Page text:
Divorce and settlement reduce the chances of a student going to college after their primary education is complete. Many times, a student whose parents are divorced are forced to pick sides, move to a different school, college or area. They have to leave all their friends behind and adjust to a completely new environment. This can be hard on them. 

New teachers and a different approach to education can lead to a lower grade point average in students. Even at college, due to the trauma in their childhood, students find it difficult to concentrate and keep up with the college curriculum.

Additionally, a family’s income usually takes a hit if the family is split, which in turn can lead to the depletion or insufficient filling of the kid’s college fund.

How can divorced parents help their children?

When a student is in college, parents should continue to encourage students to reach out for support from different sources. Support is not just counselling or therapy. The best essay service is another huge resource to help struggling students. It helps to write custom dissertations for their graduate and post-graduate thesis.  

Despite being divorced, parents should continue to maintain a healthy co-parenting relationship for the sake of their children. Parents should avoid bad-mouthing one another or undermining each other’s parenting techniques. They should try to minimize the disruption in the child’s life despite the divorce. 

Financial Stability

It is no secret that education in the US is expensive. According to a study, children coming from a stable family background are more likely to be able to afford a college education. A divorced couple (especially divorced, previously stay-at-home mothers) experience more financial instability after moving states, changing jobs, or taking up minimum wage jobs in order to feed themselves. They may not be in a position to save for or contribute to a college fund. After divorce, parents are also expected to pay child support and alimony, which is another added expenditure.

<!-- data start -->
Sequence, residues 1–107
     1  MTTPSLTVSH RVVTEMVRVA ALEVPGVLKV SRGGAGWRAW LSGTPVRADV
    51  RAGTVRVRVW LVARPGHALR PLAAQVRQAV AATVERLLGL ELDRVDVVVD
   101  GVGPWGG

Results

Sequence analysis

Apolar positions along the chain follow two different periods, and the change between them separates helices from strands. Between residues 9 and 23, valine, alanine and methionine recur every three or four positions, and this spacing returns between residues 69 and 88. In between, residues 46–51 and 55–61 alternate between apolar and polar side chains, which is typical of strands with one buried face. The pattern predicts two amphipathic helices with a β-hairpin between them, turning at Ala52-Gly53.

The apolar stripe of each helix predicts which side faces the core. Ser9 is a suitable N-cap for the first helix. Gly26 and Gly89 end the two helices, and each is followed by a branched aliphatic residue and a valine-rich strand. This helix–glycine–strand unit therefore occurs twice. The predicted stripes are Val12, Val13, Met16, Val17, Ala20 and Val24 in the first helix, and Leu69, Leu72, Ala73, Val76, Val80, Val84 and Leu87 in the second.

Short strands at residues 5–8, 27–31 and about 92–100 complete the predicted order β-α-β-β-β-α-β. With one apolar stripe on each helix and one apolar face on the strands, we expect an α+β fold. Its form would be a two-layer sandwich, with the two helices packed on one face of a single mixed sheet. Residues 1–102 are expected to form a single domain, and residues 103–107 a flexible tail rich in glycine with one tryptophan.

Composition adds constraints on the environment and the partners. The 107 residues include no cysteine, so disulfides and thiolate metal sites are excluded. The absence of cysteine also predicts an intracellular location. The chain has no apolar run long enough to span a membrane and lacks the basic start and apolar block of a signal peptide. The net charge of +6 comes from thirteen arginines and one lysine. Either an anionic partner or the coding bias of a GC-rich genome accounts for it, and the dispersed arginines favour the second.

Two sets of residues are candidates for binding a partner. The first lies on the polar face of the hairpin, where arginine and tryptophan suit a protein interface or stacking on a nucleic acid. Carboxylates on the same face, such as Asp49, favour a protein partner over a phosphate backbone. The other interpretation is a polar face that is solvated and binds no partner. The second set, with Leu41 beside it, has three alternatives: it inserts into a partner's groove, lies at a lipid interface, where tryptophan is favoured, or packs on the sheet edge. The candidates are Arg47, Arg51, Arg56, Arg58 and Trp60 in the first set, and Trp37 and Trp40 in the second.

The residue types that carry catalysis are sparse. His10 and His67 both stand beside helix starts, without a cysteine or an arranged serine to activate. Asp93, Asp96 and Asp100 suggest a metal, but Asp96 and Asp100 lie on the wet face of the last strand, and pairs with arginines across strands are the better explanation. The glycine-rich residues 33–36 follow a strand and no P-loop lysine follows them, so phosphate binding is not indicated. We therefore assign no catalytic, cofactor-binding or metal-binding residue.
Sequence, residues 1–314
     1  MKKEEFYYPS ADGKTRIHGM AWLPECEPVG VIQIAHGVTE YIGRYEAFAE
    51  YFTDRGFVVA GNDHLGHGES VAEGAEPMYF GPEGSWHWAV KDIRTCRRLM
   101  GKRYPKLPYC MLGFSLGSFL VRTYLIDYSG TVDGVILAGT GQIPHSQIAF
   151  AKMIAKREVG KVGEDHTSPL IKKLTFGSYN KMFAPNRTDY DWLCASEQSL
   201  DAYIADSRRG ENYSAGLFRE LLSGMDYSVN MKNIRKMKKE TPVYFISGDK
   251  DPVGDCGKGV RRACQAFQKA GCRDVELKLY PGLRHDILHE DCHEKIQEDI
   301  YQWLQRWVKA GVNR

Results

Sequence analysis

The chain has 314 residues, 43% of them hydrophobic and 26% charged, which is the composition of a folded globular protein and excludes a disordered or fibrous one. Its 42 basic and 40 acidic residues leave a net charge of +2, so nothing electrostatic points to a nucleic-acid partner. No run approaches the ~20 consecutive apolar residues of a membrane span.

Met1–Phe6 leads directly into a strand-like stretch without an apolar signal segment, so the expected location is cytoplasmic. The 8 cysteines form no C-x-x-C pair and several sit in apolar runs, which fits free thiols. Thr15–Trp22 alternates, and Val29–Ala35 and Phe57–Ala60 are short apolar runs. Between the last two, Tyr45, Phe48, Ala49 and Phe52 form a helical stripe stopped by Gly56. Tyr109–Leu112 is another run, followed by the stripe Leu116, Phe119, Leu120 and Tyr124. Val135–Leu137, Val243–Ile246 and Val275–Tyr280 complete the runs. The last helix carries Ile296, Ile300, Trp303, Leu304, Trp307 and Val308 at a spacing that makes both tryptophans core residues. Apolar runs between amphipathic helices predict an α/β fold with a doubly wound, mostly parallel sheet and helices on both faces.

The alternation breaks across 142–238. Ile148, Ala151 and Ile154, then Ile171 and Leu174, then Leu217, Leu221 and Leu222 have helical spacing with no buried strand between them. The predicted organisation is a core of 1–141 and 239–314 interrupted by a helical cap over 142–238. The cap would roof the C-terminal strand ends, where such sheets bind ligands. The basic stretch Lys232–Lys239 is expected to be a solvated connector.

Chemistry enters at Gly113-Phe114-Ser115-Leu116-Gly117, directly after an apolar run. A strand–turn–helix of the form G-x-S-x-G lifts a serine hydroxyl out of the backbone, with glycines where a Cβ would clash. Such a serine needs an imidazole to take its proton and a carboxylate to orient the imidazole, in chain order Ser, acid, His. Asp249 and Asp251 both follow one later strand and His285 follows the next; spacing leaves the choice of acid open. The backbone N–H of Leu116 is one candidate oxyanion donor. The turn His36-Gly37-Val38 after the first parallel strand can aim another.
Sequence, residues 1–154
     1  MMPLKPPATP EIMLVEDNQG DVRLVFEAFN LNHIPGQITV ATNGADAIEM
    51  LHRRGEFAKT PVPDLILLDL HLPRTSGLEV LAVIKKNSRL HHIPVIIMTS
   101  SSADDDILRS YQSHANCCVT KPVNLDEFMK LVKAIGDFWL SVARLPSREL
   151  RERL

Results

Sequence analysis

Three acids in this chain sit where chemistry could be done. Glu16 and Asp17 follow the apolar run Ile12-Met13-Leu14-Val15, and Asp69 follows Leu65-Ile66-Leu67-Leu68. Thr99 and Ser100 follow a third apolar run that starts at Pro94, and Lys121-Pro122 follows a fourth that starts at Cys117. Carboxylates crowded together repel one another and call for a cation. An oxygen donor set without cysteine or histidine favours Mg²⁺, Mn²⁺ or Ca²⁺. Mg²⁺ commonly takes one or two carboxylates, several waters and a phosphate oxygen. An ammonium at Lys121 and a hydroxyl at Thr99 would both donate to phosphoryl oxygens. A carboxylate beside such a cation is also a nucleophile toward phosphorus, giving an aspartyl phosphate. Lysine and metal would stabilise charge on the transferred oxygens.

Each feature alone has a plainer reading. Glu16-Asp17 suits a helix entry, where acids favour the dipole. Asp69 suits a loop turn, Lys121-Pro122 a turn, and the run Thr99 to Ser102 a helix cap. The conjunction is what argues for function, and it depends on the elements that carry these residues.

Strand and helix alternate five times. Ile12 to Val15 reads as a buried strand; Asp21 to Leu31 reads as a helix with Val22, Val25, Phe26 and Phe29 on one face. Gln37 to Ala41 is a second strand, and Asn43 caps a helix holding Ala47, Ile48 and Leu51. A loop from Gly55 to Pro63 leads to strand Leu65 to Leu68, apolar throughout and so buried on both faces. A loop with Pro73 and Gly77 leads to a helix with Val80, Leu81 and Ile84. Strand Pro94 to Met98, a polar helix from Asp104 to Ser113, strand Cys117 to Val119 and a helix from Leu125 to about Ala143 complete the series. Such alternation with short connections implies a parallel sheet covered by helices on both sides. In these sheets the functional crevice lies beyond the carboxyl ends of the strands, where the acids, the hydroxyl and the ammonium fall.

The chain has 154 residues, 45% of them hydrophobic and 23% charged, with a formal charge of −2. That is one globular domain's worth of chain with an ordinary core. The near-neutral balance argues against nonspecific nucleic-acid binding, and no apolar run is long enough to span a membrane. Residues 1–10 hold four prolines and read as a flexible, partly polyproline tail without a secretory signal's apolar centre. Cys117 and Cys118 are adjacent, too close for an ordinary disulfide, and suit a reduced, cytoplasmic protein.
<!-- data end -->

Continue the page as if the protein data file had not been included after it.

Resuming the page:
How can divorced parents help their children?

Divorced moms should ensure that the child support that they are receiving from their spouse is invested in a 401k or a 523 plan to secure the financial health of the children. They should set up a trust fund with a trusted beneficiary immediately if they can afford that. 

Each parent is equally responsible for their child, and even after the divorce, both parents should contribute fairly to the trust and education fund. When spouses meet a different partner and step-parents and step-children are involved, a biological parent should not prioritize the blended family over their own children.

The Bottom Line

A child of divorced parents goes to much more than the average student. They undergo trauma that can affect them and often stays throughout childhood and into adulthood as well. When parents’ divorce, a child’s emotional well-being is affected – which in turn leads to the deterioration of a child’s cognitive skills. However, constant communication, seeking professional help, and ensuring that the child has a dependable support system can go a long way in creating healthy coping mechanisms for the child.